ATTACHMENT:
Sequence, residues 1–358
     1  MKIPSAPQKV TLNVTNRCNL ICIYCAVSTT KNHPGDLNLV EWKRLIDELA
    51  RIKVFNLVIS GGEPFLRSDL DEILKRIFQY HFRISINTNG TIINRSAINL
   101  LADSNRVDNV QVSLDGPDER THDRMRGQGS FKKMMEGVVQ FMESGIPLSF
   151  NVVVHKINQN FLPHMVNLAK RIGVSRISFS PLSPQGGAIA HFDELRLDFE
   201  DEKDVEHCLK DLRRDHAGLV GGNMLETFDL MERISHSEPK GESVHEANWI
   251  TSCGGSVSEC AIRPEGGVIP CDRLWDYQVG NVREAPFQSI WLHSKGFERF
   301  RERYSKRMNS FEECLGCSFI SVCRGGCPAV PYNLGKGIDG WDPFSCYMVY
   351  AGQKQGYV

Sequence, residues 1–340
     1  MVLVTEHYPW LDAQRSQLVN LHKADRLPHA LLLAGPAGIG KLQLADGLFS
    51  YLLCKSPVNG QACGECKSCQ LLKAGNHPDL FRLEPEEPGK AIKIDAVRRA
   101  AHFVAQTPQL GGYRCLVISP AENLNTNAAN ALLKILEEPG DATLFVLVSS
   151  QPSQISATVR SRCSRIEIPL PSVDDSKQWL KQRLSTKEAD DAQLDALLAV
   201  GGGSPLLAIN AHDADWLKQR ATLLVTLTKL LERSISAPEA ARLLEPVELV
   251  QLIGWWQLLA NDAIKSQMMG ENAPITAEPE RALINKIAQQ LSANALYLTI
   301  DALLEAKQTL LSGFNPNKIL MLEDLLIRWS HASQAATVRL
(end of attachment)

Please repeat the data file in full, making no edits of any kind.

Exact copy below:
Sequence, residues 1–358
     1  MKIPSAPQKV TLNVTNRCNL ICIYCAVSTT KNHPGDLNLV EWKRLIDELA
    51  RIKVFNLVIS GGEPFLRSDL DEILKRIFQY HFRISINTNG TIINRSAINL
   101  LADSNRVDNV QVSLDGPDER THDRMRGQGS FKKMMEGVVQ FMESGIPLSF
   151  NVVVHKINQN FLPHMVNLAK RIGVSRISFS PLSPQGGAIA HFDELRLDFE
   201  DEKDVEHCLK DLRRDHAGLV GGNMLETFDL MERISHSEPK GESVHEANWI
   251  TSCGGSVSEC AIRPEGGVIP CDRLWDYQVG NVREAPFQSI WLHSKGFERF
   301  RERYSKRMNS FEECLGCSFI SVCRGGCPAV PYNLGKGIDG WDPFSCYMVY
   351  AGQKQGYV

Sequence, residues 1–340
     1  MVLVTEHYPW LDAQRSQLVN LHKADRLPHA LLLAGPAGIG KLQLADGLFS
    51  YLLCKSPVNG QACGECKSCQ LLKAGNHPDL FRLEPEEPGK AIKIDAVRRA
   101  AHFVAQTPQL GGYRCLVISP AENLNTNAAN ALLKILEEPG DATLFVLVSS
   151  QPSQISATVR SRCSRIEIPL PSVDDSKQWL KQRLSTKEAD DAQLDALLAV
   201  GGGSPLLAIN AHDADWLKQR ATLLVTLTKL LERSISAPEA ARLLEPVELV
   251  QLIGWWQLLA NDAIKSQMMG ENAPITAEPE RALINKIAQQ LSANALYLTI
   301  DALLEAKQTL LSGFNPNKIL MLEDLLIRWS HASQAATVRL